The Harbinger Online

Running the Show

Since reading it for the first time in middle school, english teacher Jeannette Bonjour has always loved Jane Eyre. Now from 6:30 p.m to 10 p.m, five days a week, she can be found sitting in a plastic chair on the tile floor of the Barn Players Community Theater watching her favorite book come to life.

This has been the routine for Bonjour, the director of the show, since rehearsals started in late February. “Jane Eyre the Musical” is set to take the stage April 15-May 1. Bonjour, who has been in previous shows at the Barn,  applied for a directing position at the beginning of the theater season.

Teaching the book in her AP Literature and Composition class for the past eight years, Bonjour has practically memorized the intricate details and the plot of the classic novel. After reading it multiple times,  Bonjour found she connected specifically to young Jane.

It was the first classic novel I ever read, and I was in seventh grade,” Bonjour said. “I think the combination of how powerful and emotional the book is, along with my teen girl self, really made me connect to it in a powerful way.”

Taking theater classes in middle school, Bonjour found a love for the arts. She participated in the musical every year throughout middle school and high school, and then did local theater after she graduated. Since moving to Prairie Village from Lawrence, she has done musicals at multiple venues, including the Barn Players, Musical Theater Heritage and Theater in the Park.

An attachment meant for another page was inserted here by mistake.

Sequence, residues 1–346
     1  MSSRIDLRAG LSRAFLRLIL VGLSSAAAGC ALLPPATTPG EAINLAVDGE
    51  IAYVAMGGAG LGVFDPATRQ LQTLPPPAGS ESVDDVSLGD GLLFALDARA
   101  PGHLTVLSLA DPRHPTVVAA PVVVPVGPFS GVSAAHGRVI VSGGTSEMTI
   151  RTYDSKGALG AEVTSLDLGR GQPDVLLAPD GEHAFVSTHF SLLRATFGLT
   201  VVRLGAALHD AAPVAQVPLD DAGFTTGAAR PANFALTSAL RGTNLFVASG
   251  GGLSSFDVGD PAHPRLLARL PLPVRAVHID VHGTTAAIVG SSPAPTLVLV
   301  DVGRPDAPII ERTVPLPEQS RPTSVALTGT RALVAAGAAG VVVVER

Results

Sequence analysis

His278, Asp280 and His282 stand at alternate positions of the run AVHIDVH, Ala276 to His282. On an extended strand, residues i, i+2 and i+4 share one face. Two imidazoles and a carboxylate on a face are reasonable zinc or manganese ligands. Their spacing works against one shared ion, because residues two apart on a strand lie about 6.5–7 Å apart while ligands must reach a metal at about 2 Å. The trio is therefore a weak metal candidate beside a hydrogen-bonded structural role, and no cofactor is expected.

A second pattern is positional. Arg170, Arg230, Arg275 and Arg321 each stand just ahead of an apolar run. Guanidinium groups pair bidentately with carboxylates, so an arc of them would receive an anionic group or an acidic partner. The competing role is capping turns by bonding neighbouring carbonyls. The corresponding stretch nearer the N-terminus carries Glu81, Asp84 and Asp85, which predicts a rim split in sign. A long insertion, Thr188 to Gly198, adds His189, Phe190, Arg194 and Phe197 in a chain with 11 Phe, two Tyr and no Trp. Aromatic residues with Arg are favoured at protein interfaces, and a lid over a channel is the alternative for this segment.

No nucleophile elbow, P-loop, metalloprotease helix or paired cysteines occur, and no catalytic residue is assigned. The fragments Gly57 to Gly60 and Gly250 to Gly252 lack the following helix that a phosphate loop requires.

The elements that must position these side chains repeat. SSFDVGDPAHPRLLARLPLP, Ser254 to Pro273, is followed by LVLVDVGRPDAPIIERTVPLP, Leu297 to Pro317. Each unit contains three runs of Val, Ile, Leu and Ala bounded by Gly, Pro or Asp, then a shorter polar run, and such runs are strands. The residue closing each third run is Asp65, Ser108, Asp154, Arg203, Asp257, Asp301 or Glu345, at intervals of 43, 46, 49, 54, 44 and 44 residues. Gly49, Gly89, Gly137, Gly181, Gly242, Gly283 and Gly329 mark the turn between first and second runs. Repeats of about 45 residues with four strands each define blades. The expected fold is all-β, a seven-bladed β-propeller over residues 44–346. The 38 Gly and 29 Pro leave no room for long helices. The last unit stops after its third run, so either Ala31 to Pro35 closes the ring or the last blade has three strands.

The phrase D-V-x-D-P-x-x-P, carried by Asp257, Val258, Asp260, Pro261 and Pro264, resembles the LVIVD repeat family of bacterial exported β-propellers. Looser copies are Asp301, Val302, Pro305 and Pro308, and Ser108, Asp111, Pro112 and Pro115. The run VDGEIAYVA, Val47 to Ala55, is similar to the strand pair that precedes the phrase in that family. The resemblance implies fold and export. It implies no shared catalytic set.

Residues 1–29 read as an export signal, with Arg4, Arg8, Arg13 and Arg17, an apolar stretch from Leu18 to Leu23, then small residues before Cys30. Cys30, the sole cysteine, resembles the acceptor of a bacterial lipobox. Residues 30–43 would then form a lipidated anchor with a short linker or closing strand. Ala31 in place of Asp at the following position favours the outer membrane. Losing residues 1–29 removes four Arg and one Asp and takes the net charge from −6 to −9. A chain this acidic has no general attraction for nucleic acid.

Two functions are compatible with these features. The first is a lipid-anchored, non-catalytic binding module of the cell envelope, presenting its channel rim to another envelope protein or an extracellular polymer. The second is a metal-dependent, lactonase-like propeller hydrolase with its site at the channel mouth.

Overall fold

Before coming to East, Bonjour taught English and drama in Lawrence. After leaving Lawrence High School, she stopped teaching Drama and stuck to just English, but has still managed to incorporate theatre in her life and teaching. Transitioning between teaching and directing, Bonjour shifts between two different styles when it comes to explaining the story of Jane Eyre.

“With directing the play it is easier to say, ‘This is what happens in the book dadadada, ” Bonjour said. “I am more quick to fill in gaps in rehearsal when in an academic pursuit it is more about having them get there on there own.”

Teaching at East for the past 16 years, Bonjour has managed to incorporate her passion and high levels of energy and creativity into her day to day by assigning creative projects in the place of summative assessments.

“I think my students would say that I am dramatic and I like to ‘take the stage’ at times in class,” Bonjour said. “I also use creative dramatics, especially when teaching Shakespeare or other plays.”

Running the lights for the upcoming show and sitting in her class every day, senior Leah O’Connor spends a considerable amount of time with Bonjour. O’Connor has participated in theater at East and throughout the community for the past several years.

“Usually the line between teacher and director only gets crossed in that we talk about the show during class, but rarely about school during rehearsal,” O’Connor said. “In both situations she is in a superior position to me, but as my director we are more candid and more like friends rather than the strict student teacher relationship.”

In a few weeks when the curtains open, the spots of black paint on the stage will be covered and the cast will be their era costumes. Her job and pastimes will come together, the curtains will open and Bonjour’s favorite book will come to life on the Barn stage.

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